Liberia is a rich country. They have some of the richest iron ore mines in the world, but the rails of the railroads that connect the iron ore mines to the port are being pulled up one by one and sold for scrap. There is no manufacturing. The only big business is the rubber plantation, and they have gone through complete devastation and reconstruction since the war. They pay $1.75 a day plus they build housing for their workers and give them a bag of rice every month. Those are the good jobs. There are no gas pumps. Well, there are gas pumps. They just don't work. There are gas stations that have gallon jars of gas, which they sell for four U.S. dollars a gallon. Vehicles are very scarce. Mainly you just see the U.N. vehicles and the support people for the U.N. Mission that are there.
Four young men were pushed together in the refugee camp in the Ivory Coast, and they started preaching the gospel as they understood it. These four young men left the refugee camp and came back to Liberia - again with nothing. When they came back, two of them applied for positions in the new police academy that was being set up by the U.N. to train a civilian police force. Brother Randy Vick was the U.N. Commander of the civilian military in the southern half of Liberia. He had felt directed to go to Liberia, and he asked the Lord if there was anything that he could do while he was there. When Randy was interviewing Mark Thompson for the police academy, he said they hadn't talked for twenty minutes until he found they were talking about the gospel. Randy shared with Mark the "Go Ye and Teach" slides. Mark got on fire and shared with Ben Cleon the same things. These two young men were the first two that were actually accepted to the police academy; but they gave up that opportunity for a paying job in order to preach the gospel as they now understood it. They went to one of the other friends, Daniel Biah, who is now the Pastor in Buchanan, and got him to listen to Randy. Daniel has been to seminary, so when he preaches he can talk about the Greek and Hebrew words, the interpretations of them and those kinds of things. He's a very sharp young man. These three were baptized in January.
Joshua Khakie was the fourth. He heard that his friends had joined a church that was associated with the Book of Mormon. Joshua came from a Baptist family. His father was a Baptist Deacon and had started a church, so he was convinced that his friends had come into error and wrong doing. He came over to Buchanan from Monrovia to convert them back to the ways of the Lord; and he was also convinced by the power of the Holy Spirit. Joshua was one of those baptized at the service in which we were privileged to be a part. He was called and ordained to be elder before we left. The morning after his ordination, he reported that he had lined up two people for studying the gospel the previous day!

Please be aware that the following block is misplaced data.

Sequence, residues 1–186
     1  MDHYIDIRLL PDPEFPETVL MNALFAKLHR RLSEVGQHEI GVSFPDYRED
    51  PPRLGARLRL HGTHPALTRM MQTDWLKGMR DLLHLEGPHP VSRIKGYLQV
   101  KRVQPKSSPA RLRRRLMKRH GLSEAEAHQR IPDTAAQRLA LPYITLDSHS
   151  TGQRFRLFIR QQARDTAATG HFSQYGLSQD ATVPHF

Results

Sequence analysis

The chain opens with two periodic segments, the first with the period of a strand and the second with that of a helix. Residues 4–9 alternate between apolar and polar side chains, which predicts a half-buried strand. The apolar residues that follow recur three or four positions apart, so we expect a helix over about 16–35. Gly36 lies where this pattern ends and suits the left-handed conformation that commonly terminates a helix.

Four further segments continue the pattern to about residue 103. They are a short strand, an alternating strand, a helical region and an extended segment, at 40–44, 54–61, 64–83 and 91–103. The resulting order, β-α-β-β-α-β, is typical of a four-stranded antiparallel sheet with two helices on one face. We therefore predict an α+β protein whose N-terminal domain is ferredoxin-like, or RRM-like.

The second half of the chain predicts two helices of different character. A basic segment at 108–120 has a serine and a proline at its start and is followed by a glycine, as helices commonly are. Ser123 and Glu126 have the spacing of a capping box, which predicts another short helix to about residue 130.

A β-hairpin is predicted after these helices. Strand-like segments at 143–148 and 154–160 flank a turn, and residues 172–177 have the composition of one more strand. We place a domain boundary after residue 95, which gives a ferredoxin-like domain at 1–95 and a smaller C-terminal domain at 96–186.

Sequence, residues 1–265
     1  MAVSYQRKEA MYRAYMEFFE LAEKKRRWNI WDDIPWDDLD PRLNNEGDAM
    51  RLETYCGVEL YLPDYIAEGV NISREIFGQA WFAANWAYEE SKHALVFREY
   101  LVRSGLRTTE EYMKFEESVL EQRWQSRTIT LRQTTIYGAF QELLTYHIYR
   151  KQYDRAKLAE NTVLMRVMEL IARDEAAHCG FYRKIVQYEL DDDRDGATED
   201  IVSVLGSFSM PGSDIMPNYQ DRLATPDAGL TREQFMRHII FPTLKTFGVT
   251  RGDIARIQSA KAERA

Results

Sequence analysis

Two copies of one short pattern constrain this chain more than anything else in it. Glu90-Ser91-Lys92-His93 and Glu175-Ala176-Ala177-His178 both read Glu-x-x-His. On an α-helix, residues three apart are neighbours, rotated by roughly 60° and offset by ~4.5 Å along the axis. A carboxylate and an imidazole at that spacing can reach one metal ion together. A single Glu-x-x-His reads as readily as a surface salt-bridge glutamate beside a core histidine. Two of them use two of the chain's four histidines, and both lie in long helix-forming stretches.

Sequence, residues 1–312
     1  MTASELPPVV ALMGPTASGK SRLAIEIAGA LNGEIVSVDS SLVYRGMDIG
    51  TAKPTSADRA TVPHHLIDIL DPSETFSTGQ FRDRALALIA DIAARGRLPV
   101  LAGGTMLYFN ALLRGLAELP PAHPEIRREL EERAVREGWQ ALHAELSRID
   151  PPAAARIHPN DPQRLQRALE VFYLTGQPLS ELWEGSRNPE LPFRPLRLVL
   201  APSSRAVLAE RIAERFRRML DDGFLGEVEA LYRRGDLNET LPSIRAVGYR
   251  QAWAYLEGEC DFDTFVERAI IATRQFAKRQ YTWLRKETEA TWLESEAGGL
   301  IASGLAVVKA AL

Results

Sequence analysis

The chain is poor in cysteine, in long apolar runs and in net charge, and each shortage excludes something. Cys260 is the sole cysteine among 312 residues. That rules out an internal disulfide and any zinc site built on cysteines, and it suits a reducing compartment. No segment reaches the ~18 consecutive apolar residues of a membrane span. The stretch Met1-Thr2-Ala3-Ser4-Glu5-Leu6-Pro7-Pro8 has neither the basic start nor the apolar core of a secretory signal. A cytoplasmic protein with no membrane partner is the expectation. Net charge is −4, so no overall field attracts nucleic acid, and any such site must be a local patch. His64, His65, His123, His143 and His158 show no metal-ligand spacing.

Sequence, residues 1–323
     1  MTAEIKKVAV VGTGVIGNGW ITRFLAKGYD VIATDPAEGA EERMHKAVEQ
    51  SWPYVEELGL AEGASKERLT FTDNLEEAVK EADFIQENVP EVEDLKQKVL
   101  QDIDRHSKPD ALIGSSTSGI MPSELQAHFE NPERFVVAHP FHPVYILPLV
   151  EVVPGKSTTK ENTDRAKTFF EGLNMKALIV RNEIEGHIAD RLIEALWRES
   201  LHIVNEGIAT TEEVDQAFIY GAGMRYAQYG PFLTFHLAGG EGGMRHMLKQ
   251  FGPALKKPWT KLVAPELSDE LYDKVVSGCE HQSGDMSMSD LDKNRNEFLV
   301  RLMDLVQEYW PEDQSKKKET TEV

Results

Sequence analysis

These four young men put their vision and their mission statement on a big sheet and had it lettered. They sent the sheet back because some of the words were misspelled, but we got to see it before we left. They put down what their mission is, and it is no less than changing Liberia within five years! They have 2010 written right there! They believe that the gospel is what is going to save Liberia and make the change of heart. Their vision is to reach all the indigenous population by going into the country sides and establishing churches. They even have bigger plans. They are planning on saving Ivory Coast and Ghana, too, because they are the neighboring places where they have many contacts. They want to change the hearts and minds of people and bring them to the gospel. Mark said to us, "You probably don't know what it is like to live by the grace of God! I know what it's like! I have a wife and I have a child. We have no job, but we have clothes on our back and we have food to eat. When we have clothes on our back and when we have food to eat, it's because of the grace of God!" That was pretty amazing! We have so much and sometimes just get so busy that we can't quite see our way to share the gospel. For these young men, it is their goal always with them to share the gospel and to save their country.
We also experienced the power of protection of the Lord. There was a riot one day, and the younger brother of our choir director in Buchanan was shot in the head by the Bangladesh soldiers who are U.N. peace keepers. We prayed for him at prayer service, and he lived. Before we left Liberia, we got word that he was talking, and that was a really good sign that he was going to survive. On the day of the riot, Randy came to the Vacation Bible School and said, "You have five minutes to finish whatever you are doing and get into the car. I'm taking you back to the hotel." He took us by the back roads around the area in which the riot had occurred, but we were never feeling like we were in danger. We had had a blessing before we left, and the Lord had assured us that we would be safe. So we didn't, or I didn't, experience any real concern over the situation. The Lord protected us, and I am confident He will bring good out of even the prayers for the young man shot. When his brother prayed for him, he prayed that he would live, but also he said, "What I really want is that he will listen to the Lord now." So, hopefully, that is going to happen.
I believe the Lord has set his hand to bring the gospel of the Kingdom to this part of Africa. This is truly a great and marvelous work.
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